- 100,000 banking jobs could be lost to automation, a Wells Fargo report said.
- MD Mike Mayo told Bloomberg that "it's really a swap to bots from bankers."
- Back office and low-paying roles are more likely to be affected, the report said, per Bloomberg.
- See more stories on Insider's business page.
Wells Fargo predicts automation could cut as many as a 100,000 banking jobs over the next five years.
Clients of the bank were sent a 110-page report late on Monday detailing the potential impact of digitization on Wall Street and it's workers, Bloomberg reported. On Thursday, Mike Mayo, Wells Fargo's managing director, appeared on Bloomberg TV to discuss the report's findings.
"It's really a swap to bots from bankers," Mayo told Bloomberg's Emily Chang. "Developers are the new bankers. The chief technology officers at banks are now some of the most important people at banks."
Mayo predicted that two-thirds of the cuts would be in back-office jobs. A third would hit front-office roles, which typically are more client facing, he said.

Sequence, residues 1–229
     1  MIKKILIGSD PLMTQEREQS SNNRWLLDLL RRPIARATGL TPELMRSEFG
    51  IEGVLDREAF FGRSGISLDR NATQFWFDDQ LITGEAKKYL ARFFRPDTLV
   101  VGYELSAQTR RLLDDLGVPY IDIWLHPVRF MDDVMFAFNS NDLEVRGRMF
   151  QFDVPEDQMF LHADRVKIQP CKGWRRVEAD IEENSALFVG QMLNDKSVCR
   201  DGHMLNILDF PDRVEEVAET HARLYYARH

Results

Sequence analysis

The client report suggested lower-paying roles were more likely to be affected, per Bloomberg.
Mayo said that tech would also create new roles, partially offsetting some of the losses, but didn't say how many.
Tech will help banks become more efficient than they have been before, Mayo said, by allowing them to modernize call centres, back offices, and branches. Swapping to cloud and other third-party storage would also help, he said.
Banks need to automate in order to keep up with fintech, big tech, retail, and others, Mayo said. This would benefit customers, who increasingly favor online or digital-only banking, he said.
Mayo admitted that the industry was struggling to compete with tech companies in the war for talent. "The competition for tech talent has never been more fierce and banks are bearing some of the brunt of that," he said.
In a note sent in May, Mayo and other Wells Fargo analysts predicted that as many as 200,000 jobs could be shed within a decade as a result of tech adoption, according to Bloomberg.